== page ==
I really had intentions of having a quarterly book buzz, and I actually had started this post several weeks about, but here I am in the middle of May. I guess I’ll just chop the year into thirds instead, and call it a day.
I decided to set a goal for the Goodreads challenge back in January. I set my goal at 30 books for the year, and I am doing surprisingly well. According to my latest stats I’ve completed 19 books, for a total of 5,899 pages. I’m not gonna lie; I’m totally impressed with myself.
Following is a list of books completed and a few notes:
I have read all 7 books in the Amulet series by Kazu Kibuishi this year. My students are OBSESSED, so I wanted to see what all the fuss was about. These books are beautiful to look at, and I think that is definitely part of the appeal, but I honestly found the stories challenging. This has made me spend some extra time conferencing with students who have selected them for independent reading. I recently had a conference with a student who read the whole series, but it now going back. I was glad to hear he was getting a lot more out of it the second time.
I don’t think graphic novels are necessarily my thing, but I am glad I took the risk and stepped out of my comfort zone as a reader. Overall, I did enjoy the series and liked the challenge.
Various Titles by Roald Dahl
I never got into the Roald Dahl craze as a kid. I think it requires that a teacher reads at least one of the books to you aloud to get you hooked, and I never got that. Some of my students though have been really into the Roald Dahl collection so I recently acquired a little set, and finally got around to reading a few. Esio Trio is a cute little, innocent, love story about a man, a woman, and a tortoise (well, many tortoises actually.) It’s a quick, easy read and just delightful. This would make a great read-aloud. I also read The Magic Finger. Also a cute, quick read, but you may have to consider the audience because the story revolves around a little girl who is upset about the hunting habits of her neighbors.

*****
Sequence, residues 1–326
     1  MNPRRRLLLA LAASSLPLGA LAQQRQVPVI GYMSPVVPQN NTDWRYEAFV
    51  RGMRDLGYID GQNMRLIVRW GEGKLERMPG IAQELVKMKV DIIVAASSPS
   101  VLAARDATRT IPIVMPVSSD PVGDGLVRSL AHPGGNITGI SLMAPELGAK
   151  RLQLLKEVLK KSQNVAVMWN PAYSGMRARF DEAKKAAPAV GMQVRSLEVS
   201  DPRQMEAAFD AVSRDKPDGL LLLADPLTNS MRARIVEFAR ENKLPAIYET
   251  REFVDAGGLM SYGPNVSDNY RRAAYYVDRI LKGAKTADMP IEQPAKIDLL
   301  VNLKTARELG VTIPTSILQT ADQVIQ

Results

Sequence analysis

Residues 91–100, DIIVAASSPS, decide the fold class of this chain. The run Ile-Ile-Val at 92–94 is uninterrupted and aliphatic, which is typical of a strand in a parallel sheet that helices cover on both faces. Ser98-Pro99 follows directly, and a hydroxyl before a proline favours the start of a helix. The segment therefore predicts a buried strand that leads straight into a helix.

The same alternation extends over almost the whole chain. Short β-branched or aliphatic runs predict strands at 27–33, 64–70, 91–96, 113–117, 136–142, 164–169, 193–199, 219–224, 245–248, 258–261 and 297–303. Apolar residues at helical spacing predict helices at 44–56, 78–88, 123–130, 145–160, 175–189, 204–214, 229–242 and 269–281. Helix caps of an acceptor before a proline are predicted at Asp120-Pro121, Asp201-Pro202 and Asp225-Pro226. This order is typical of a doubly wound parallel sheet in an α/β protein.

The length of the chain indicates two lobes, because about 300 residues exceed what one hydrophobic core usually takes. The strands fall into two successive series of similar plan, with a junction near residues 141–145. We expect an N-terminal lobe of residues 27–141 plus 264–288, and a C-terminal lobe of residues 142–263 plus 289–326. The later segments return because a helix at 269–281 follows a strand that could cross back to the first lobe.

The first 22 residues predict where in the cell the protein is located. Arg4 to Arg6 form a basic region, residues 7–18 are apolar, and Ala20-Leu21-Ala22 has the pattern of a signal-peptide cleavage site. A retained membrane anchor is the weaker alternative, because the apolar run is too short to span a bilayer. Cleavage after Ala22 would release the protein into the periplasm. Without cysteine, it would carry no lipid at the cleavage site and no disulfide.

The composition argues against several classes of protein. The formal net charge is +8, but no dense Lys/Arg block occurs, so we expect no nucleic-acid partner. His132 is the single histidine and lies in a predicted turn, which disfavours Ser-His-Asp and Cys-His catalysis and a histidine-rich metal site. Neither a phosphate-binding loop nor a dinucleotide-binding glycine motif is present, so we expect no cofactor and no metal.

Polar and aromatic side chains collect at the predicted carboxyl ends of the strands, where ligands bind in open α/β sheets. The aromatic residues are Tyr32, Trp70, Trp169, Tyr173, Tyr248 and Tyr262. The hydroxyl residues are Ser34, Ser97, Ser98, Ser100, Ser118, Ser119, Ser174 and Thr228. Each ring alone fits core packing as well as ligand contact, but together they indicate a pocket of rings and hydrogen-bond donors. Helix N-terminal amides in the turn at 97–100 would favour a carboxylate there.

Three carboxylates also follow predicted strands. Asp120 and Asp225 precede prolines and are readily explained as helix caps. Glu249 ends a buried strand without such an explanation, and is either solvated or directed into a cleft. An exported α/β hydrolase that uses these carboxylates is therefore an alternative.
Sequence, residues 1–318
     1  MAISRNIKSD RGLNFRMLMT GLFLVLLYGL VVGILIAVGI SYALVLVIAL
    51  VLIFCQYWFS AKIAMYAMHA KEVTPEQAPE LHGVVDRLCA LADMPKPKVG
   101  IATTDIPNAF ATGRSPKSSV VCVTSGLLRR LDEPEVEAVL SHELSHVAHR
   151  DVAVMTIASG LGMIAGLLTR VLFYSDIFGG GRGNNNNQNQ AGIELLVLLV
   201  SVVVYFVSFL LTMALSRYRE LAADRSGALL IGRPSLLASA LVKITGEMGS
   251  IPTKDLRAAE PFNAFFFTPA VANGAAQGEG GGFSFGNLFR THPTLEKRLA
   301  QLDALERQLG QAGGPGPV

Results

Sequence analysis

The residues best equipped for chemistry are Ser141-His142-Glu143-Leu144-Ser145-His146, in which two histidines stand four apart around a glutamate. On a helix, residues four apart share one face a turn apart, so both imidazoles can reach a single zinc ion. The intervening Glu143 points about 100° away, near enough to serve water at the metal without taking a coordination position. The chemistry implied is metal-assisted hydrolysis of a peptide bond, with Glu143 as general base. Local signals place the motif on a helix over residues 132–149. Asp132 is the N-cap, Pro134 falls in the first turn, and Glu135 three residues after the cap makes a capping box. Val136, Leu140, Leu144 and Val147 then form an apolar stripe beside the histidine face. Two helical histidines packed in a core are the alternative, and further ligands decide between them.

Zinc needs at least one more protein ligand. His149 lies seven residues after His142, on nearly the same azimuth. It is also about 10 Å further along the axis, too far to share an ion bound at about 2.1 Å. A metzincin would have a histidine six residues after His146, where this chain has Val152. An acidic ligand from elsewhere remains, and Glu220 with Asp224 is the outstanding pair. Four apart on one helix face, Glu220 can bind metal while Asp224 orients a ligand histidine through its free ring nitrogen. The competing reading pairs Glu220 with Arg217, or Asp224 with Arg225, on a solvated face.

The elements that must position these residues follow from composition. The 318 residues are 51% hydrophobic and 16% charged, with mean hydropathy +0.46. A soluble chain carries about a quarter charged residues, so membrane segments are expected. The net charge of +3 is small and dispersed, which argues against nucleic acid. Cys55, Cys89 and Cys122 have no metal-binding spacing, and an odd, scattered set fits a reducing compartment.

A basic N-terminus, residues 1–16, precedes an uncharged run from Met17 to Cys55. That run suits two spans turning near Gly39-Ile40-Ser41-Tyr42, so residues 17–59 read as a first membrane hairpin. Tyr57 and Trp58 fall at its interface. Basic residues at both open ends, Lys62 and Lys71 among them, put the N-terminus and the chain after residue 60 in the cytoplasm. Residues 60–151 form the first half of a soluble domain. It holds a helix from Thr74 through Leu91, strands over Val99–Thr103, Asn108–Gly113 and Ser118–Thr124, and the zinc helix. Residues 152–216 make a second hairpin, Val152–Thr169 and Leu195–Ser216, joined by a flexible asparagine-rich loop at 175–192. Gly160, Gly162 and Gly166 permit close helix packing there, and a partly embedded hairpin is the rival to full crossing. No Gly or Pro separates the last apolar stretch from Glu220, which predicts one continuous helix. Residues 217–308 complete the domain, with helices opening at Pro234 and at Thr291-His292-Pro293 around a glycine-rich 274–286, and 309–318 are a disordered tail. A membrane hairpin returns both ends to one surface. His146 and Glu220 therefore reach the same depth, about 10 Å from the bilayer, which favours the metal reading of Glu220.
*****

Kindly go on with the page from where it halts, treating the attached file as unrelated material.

Back in December, I was on a YA kick, and read several great books. I’ve only read one during 2016 though and that was Prisoner of Night and Fog by Anne Blankman. I LOVED it! It is a historical fiction set in Germany on the eve of WWII. The protagonist, Gretchen, is torn between a family friend, Adolf Hitler, and her growing understanding of what the National Socialist ideals really were. The novel really addresses some tough issues that arose at the time.
For me, YA books can turn really teen-cheesy quickly with the romance fluff, but this one was well worth the read. The sequel, Conspiracy of Blood and Smoke, is definitely in my TBR list.
The vast majority of the following books were for my book club at Murder by the Book. Actually, all but one were for book club…
Red Sparrow by Jason Matthews
In this espionage novel a US CIA officer and a Russian “Sparrow” get tangled in the web of intelligence work. Usually I enjoy a good espionage, I’m a huge fan of Le Carré, but this one just didn’t do it for me.
The Boy in the Suitcase by Lene Kaaberøl and Agnete Friis
Our protagonist is Nina Borg, a nurse who just has to help everyone around her even if her own world is falling apart. She gets stuck in the middle of a big mess when an old friend meets up with her out of the blue and gives Nina a key to a locker at a train station. Let’s just say things go from bad to worse, even though there were many things along the way that Nina could’ve done to make the situation a whole lot better. What’s funny about this book is that my book club could not agree to recommend the book, but we had one of the liveliest discussions we’ve had in a while over it. A few weeks after we discussed it the authors were and town and we discussed Nina a bit more. I feel like I got to know her better through the authors and now I have the latest from the Nina Borg series, The Considerate Killer, in my TBR pile.